In a quintessentially twenty-something move, I am now living back at home. I felt this compulsion to minimize the material possessions in my life, change locations, be nearer to nature and spend less time alone . Plus, my family is pretty super cool, added bonus. In a quest for simplicity, I had also made the strategic decision to minimize my volunteer commitments in order to find more focus and balance (more on how that is going below…). However, there was one more task at hand before I could move on to that blissful serenity that was sure to follow (har har).
In October 2015, the International Association of Hydrogeologists Canadian National Chapter held it’s annual conference in Waterloo in recognition of the 50th anniversary of the University of Waterloo Earth and Environmental Sciences Department. The simple theme of Canadian Hydrogeology allowed for a broad discussion on all topics groundwater, from groundwater surface water interaction, to resource and agricultural implications for groundwater, with the technical specificity of site characterization, field methodologies and numerical modelling, from the industry, government and academic perspective.
I was fortunate to become involved in the conference, being asked to participate on the steering committee. It was so much fun working with and getting to know the members of the committee – thank you all for including me! I learned something from each and every one of you. In my role, I was responsible for the social media, volunteer coordination and development of a students and young professional mentoring program during the conference.
I was extremely pleased with how well the conference social media caught on. This may surprise you, but the hydrogeology community is not overwhelming active on Twitter, something I tried to change over the course of the conference. I think that Twitter is such a great tool for sharing conference highlights in real-time with those unable to attend in person, as well as sharing resources and generating a record of your own and other people’s experiences at the conference. To see those preserved highlights, you can check out #iahcnc15 on Twitter.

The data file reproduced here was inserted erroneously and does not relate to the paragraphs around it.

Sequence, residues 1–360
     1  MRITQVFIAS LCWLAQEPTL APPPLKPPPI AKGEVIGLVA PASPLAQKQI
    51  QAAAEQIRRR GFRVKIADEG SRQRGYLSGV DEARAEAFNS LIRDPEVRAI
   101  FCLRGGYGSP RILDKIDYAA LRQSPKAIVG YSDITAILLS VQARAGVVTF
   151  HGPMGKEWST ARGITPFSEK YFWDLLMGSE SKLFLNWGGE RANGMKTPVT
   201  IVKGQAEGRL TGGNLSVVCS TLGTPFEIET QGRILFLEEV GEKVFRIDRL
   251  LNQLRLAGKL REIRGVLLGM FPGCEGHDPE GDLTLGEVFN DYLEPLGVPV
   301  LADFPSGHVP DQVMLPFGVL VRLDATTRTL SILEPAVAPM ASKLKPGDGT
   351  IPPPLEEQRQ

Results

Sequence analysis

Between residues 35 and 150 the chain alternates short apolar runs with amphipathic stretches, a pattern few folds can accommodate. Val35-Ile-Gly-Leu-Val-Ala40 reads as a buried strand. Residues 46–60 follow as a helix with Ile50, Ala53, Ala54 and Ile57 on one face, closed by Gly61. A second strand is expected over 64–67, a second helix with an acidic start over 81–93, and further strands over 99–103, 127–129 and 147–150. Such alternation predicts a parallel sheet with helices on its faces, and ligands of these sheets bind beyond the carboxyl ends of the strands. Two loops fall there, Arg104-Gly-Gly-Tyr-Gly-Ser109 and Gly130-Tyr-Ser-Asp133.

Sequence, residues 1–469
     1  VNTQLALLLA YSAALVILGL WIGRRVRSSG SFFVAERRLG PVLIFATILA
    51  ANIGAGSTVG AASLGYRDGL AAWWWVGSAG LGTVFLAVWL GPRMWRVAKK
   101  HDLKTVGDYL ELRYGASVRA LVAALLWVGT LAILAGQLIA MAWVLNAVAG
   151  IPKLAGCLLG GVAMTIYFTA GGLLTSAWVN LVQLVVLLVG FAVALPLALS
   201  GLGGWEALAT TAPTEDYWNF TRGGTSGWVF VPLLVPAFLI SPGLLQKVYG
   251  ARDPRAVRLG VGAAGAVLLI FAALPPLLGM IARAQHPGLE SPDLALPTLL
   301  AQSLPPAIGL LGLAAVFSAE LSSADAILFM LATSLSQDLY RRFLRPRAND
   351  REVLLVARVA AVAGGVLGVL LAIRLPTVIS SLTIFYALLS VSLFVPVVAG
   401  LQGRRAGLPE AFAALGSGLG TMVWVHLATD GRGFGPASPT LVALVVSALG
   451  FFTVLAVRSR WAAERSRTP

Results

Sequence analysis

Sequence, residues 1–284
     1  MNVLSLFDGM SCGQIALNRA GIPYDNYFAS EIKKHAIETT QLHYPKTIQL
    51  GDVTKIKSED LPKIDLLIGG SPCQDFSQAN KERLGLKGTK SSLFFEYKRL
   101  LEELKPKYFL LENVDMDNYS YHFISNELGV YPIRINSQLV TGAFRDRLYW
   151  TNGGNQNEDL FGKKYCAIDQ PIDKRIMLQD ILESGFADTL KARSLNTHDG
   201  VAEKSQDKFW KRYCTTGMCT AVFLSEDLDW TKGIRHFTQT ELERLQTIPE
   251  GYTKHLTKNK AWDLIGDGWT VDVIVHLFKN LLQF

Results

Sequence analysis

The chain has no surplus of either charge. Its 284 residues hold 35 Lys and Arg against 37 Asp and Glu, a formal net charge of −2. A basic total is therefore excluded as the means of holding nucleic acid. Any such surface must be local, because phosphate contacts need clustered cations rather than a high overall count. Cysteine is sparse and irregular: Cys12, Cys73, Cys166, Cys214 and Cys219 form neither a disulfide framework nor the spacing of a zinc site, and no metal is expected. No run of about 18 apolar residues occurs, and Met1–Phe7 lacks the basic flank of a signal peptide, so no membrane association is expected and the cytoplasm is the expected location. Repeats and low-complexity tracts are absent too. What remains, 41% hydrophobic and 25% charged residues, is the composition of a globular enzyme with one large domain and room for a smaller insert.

All of the other volunteers were such a joy to work with – thank you everyone for the hours spent encouraging attendee participation, manning the speaker desk, and trouble shooting AV issues during the many speaker talks. Here is a photo of many of us at the Thursday evening social event. Many of the people in this group are planning to become involved with the IAH Early Career Hydrogeoligstis Canadian Network. If you are also interested, you can access more information here.
A highlight of the conference for me was the closing plenary in which seven of the biggest names in Canadian Hydrogeology shared their most insightful moments. Dr. Cathy Ryan explained her quest to build hydrogeological capacity through the translation and availability of necessary learning materials. Her work with Hydrogeologists Without Borders and their GW2.0 textbook initiative is striving to develop international expertise through the creation of a living groundwater text document, that will undergo crowd-sources translation and allow for continuous updates. Dr. Jim Barker went on to implore the crowd to consider the importance of training and mentoring the next generation of hydrogeologists, with emphasis on the need to be proactive and improve outward communication in order to draw talent to the field and share key findings and implications of our work. Dr.Garth van der Kamp used unstated assumptions as a metaphor to explain challenges facing the field moving forward, including how the complexity of the problems we tackle will require interdisciplinary teams in order to understand real-world systems.